Current Posts


July 17, 2014 | Ning Chiu

For actively helping two public company clients lobby congressional staff members about pending legislation, the SEC charged Ernst & Young (EY) with violating the auditor independence rules by unlawfully advocating on behalf of audit clients. Although the clients were involved with EY in the lobbying activities, neither were named in the SEC cease-and-desist proceedings against EY, and there appears to be no impact on the companies’ financial statements.   

Prior to 2009, Washington Council EY (WCEY) helped an audit client communicate with House leadership about a pending bill. WCEY passed along a letter from a top executive at the client addressed to House leadership and supporting passage of the bill to congressional staff. On another occasion, WCEY sent letters signed by the client to Senate and House leadership, listing specific provisions to include in pending legislation. WCEY... Read More

July 15, 2014 | Ning Chiu

According to the ISS US preliminary postseason update, the win rate for dissidents, measured by whether they won at least one board seat through negotiations or a vote, was 59% at 22 contested elections in the first half of 2014, compared to 24 contests with a 68% success rate by June 2013.  The size of the target continues to increase, as seven of the companies had market capitalizations greater than $1 billion.  Notable for 2014 were what ISS dubbed “hydra-headed activist challenges,” where multiple dissidents targeted the same company but with competing visions, including at Darden and Sotheby's.

Boards were also the focus through 13 “vote no” campaigns.  CtW urged investors to vote against nine companies, including several fast food restaurants and retail chains, by invoking the ongoing debate over minimum wage and income inequality, leading to a failed say-on-pay vote at Chipotle.  New York City funds and CalPERS blamed board members on Duke Energy's regulatory policy... Read More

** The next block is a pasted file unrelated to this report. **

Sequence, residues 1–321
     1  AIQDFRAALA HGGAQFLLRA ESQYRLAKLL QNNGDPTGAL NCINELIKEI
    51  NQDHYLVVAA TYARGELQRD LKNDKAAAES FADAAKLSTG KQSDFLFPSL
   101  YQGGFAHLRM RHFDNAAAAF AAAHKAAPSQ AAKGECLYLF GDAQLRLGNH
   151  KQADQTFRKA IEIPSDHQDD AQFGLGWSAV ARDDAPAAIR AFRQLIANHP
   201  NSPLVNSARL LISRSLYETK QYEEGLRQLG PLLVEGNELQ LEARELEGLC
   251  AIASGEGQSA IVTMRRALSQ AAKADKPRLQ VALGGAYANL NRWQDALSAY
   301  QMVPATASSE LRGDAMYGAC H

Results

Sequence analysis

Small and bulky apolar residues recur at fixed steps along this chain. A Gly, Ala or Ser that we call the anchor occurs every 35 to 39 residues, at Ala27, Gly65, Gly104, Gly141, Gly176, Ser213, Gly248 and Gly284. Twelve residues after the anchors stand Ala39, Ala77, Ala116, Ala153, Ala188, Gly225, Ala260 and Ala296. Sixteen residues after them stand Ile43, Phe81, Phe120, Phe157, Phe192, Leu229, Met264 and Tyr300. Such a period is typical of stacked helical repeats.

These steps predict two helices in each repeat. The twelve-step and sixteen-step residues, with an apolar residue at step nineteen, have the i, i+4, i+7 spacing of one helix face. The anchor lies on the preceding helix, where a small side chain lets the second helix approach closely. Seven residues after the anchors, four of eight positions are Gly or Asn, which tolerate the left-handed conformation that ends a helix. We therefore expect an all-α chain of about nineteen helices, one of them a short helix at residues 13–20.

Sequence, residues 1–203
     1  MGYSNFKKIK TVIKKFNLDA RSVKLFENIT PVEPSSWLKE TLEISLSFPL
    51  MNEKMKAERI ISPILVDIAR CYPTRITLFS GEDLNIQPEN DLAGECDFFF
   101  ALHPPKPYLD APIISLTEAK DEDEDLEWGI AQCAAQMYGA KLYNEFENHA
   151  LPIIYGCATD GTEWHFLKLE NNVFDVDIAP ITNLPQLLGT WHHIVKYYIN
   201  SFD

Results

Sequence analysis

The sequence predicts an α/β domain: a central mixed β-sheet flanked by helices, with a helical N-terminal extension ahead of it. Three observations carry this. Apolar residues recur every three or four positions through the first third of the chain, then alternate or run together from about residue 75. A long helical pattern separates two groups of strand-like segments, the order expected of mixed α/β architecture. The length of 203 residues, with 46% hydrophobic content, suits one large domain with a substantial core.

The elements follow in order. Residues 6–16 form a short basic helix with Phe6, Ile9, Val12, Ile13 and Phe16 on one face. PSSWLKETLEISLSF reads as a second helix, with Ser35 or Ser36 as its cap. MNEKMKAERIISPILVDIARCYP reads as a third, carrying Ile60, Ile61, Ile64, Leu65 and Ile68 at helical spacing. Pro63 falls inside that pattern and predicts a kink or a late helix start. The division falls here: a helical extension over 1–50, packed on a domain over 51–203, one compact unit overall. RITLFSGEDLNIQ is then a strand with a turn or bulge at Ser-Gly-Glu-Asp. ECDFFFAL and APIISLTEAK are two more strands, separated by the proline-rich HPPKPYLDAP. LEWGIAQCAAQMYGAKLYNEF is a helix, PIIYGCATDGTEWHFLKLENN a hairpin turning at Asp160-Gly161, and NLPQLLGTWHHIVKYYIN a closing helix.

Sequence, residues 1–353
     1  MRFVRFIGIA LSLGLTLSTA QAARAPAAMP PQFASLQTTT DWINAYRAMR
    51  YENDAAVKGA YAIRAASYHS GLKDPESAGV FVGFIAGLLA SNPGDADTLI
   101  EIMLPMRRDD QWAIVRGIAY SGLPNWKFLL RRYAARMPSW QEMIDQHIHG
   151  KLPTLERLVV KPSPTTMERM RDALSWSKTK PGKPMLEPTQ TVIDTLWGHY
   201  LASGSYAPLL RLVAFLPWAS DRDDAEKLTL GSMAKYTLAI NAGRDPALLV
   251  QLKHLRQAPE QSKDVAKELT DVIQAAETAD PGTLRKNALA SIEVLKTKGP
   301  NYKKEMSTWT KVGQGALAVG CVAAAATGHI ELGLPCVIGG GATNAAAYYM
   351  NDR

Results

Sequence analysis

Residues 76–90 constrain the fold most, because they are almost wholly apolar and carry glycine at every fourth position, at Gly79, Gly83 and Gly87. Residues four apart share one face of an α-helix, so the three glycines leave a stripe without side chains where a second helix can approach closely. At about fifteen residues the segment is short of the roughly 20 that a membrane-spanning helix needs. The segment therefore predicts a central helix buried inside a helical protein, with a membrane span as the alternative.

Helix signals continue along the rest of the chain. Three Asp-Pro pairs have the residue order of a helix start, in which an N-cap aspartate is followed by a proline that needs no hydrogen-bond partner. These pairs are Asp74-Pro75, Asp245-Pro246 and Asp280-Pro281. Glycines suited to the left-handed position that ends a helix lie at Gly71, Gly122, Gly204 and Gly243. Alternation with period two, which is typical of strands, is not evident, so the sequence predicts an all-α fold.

July 10, 2014 | Ning Chiu

The numbers keep changing, but the latest report indicates that six public (or soon-to-be-public) companies have adopted fee-shifting provisions in charters and bylaws since the Delaware court ruling in May that such provisions may be valid, in a case involving a non-stock company. 

All are small, and none are in the Russell 3000 index at the moment. Two of the companies have only recently filed IPO registration statements, with the information contained in risk factors or general information disclosure and those incorporation documents are not available yet.  One company just went public in June as a limited partnership.

Only Biolase Inc. appears to be rated by ISS QuickScore. Biolase is one of two companies that has adopted these bylaws after facing litigation over board composition this year. Echo Therapeutics settled its suit with a dissident... Read More

July 8, 2014 | Ning Chiu

85% of directors at Russell 3000 companies who failed to receive majority support for their election remain on those boards two years later, a recent study by the Committee on Capital Markets Regulation found.  The Committee recommends that the SEC require boards that retain directors who did not achieve majority support publicly disclose in some form the specific reasons for the boards’ decisions that those directors should remain.    

The Committee indicates that its mission is dedicated to enhancing the competitiveness of U.S. capital markets and ensuring the stability of the U.S. financial market, and its membership includes a former SEC commissioner and a range of business leaders as well as those in academics.

Analyzing results over three years from 2010 to 2012, the... Read More